“Obviously the Singapore Government planted spy apps on my Android phones. Otherwise it would not keep on powering up by itself,” he tells me.

“And I think the motive is to provoke me into getting angry. What I don’t understand is, since the Government can read my mind and thoughts by remote neural monitoring, does it really need to hack into my smartphones, laptops and computers to plant spy apps? Is it because, if the government dont do these tangible activities, i will not be afraid and frightened?”

He then thinks aloud, questioning the motives of the government: “Provoke you into getting angry, make you paranoid, make you frightened?”

Some of his allegations.
And more.
On some days, when I’m having a conversation with En Ming over WhatsApp, I catch myself thinking that it must be really hard to be this guy.

But I eventually surmise that we must all live some version of this.

Turritopsis Dorhnii gravitates towards conspiracy theories for the same reason we nurture toxic relationships or become alcoholics. The realisation that you alone are responsible for what happens to you is one that comes with immense pressure. In the face of this, submitting to an abstract, higher power can be a source of great comfort.

Once you’ve decided on the thing that must be responsible for all of your misery, whether it’s God, the government, your supervisor, or your neighbour upstairs, everything falls into place; anything can serve as justification for your paranoia.

For instance, whenever he discusses his work, he adds that TIs tend to have trouble staying in their jobs. Likewise, he points out that targeted individuals don’t have friends. Whether this is the result of choice or the work of the mysterious universe, it’s not clear.

However, when we get to the topic of dating, we get a little closer to what I think is the truth behind his skepticism towards human connection. To a question about why he’s never tried to date, he answers, “It’s not worth the effort.”

Later, he adds, “In addition, my IQ is average or seriously below average. It does no good to my children to inherit my genetic code at all.”

This is resignation, not wisdom.

It’s also what traps him in the feedback loop of his delusions. If you look up ‘Targeted Individuals’ on RationalWiki, you will find precise counter-arguments for every single allegation TIs have made against established institutions.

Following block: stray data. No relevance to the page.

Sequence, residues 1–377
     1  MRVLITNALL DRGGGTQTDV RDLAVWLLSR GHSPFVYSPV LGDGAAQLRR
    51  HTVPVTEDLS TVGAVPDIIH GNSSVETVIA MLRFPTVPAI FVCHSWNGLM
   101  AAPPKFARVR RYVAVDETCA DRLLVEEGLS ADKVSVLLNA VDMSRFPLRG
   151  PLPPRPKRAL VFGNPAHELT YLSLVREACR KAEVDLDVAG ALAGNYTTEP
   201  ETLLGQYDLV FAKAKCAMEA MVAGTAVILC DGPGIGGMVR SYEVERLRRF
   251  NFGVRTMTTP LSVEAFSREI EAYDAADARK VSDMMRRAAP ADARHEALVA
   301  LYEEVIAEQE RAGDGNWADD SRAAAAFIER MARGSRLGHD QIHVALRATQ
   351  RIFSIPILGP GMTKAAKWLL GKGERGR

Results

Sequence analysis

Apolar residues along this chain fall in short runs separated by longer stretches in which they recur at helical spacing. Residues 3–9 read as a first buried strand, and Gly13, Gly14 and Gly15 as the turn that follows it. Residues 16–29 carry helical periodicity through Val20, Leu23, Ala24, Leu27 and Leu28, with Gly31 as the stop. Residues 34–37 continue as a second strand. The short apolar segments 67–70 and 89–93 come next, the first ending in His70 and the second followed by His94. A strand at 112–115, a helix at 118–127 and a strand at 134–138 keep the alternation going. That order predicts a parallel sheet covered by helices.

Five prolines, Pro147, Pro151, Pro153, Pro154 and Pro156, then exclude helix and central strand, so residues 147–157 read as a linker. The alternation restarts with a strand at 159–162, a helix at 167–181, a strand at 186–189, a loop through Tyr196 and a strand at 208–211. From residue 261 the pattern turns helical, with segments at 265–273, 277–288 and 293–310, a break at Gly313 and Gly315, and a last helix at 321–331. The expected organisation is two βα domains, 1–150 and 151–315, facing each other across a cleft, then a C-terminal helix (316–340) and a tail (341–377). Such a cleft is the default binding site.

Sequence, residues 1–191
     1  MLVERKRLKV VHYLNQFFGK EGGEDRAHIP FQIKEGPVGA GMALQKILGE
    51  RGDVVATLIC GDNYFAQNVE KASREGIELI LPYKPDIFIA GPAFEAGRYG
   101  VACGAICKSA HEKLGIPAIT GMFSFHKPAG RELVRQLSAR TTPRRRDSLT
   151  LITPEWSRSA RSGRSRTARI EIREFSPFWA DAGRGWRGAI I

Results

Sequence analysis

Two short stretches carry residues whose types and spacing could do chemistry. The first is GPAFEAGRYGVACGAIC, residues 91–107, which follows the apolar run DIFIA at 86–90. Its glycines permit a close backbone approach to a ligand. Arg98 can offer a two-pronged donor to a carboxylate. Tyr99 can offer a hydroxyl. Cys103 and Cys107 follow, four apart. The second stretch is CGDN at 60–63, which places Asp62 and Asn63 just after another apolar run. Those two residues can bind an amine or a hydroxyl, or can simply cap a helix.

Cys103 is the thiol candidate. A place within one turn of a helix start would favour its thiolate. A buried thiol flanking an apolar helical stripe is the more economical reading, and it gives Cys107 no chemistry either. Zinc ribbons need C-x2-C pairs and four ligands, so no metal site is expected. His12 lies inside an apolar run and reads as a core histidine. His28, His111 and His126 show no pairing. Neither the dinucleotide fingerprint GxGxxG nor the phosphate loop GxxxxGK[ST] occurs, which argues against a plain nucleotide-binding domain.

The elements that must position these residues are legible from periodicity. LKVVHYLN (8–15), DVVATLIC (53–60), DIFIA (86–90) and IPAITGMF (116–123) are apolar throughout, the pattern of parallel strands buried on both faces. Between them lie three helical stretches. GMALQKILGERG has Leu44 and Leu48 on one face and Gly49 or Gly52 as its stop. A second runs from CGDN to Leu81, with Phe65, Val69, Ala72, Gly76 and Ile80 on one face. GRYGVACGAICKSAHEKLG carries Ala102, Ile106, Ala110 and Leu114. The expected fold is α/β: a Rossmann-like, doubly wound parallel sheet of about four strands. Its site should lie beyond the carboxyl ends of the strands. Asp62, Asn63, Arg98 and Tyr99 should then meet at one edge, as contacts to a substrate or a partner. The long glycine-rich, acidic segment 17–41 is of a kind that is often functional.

As the above-mentioned article points out, not all TIs clearly suffer from mental illness in a clinical sense. Many are victims of more banal neuroses, and have found that this solidarity in the shared experiences of other persecuted TIs can be a way of rationalising the state of one’s life.

After all, En Ming tells me, “Many people have commented that I am Super Duper Ultra Fat and Ugly. Furthermore, I have no money, no savings, no career, no credit card, no bungalow, no luxury car, no yacht, no private jet, and no space-going rocket. I have the LOWEST Socio-Economic Status (SES) in Singapore and probably the whole world.”

No, he didn't ask the minister why he was being targeted.
Beyond his wild ideas about how the world works and his more peculiar personal interests, there’s actually very little that’s remarkable about the man.

He habitually laments having knee problems, and how his doctor has recommended that he lose weight. As a result, he no longer eats fried food and or takes soft drinks that contain too much sugar.

His eyesight has been deteriorating, so he worries that he won’t have enough time to save the money he needs to travel the world. The US and South Korea are at the top of his list, although he occasionally contemplates going to Bangkok to apply for political asylum.

These days, he worries more about his parents; his mum is in an old folks’ home, while his dad is hospitalised in Tan Tock Seng Hospital. A few days ago, En Ming was informed that his father had started refusing to eat or take his medication.

For these reasons, he tells me that his parents have never pressured him to find someone and settle down.

This is how the conversation goes:

“Do you have a girlfriend?”

“No. Never. Never in my life. I’m so fat and ugly. Nobody wants me!” (laughs)

“Let’s say you have to choose one. Be a JAV actor, get a girlfriend, or get married. Which do you pick?”

Barely blinking, “JAV actor.”

“Why?”

“Because then I can be intimate with all the pretty Japanese girls.”

“Do you know that pornography and real life are nothing like each other?”

“Not that it matters to me anyway.”

“Have your parents ever pressured you to find someone?”

“Nope, they can’t even fend for themselves!” (chuckles)

For a 40-year-old man, this sounds either a little immature or completely divorced from real life. Some assholes might even suggest that these ideas are precisely why he deserves to be alone.

Yet En Ming has never had the opportunity to insert his penis into a woman’s vagina, only to eventually discover that this delicious honeypot is not the answer to all of life’s eternal questions.

Yeah.

It’s rough. (No I’m not still talking about vaginas, you pervert!)

At the same time, it’s not that simple. For all his idiosyncrasies, En Ming’s experience is symptomatic of a larger group of older, single men who have never known romance. The solution to their struggles lies not in making available a moist and willing orifice, but in being seen.

Going back to that earlier Louis CK joke, it’s not just that we’ve all decided these guys are ugly and unfuckable. It’s also that, for reasons unknown, they’ve simply never learnt to socialise with the opposite gender. For them, it is much easier to consume a woman’s body from a distance than to have a conversation.

And the rest of us just makes life harder for them by making sure they know just how weird or inadequate we think they are.

As for all that other stuff? My hunch is that it just so happens he’s found solitude in these various communities, from those who participate in ‘paid model’ photoshoots to those who claim to be victims of government persecution and experimentation.

Or perhaps he’s right. That there really is a government conspiracy afoot, in which we are all royally screwed.

Have something to say about this story? Think the government is spying on you? Write to us at community@ricemedia.co. 

Author

Julian Wong Associate editor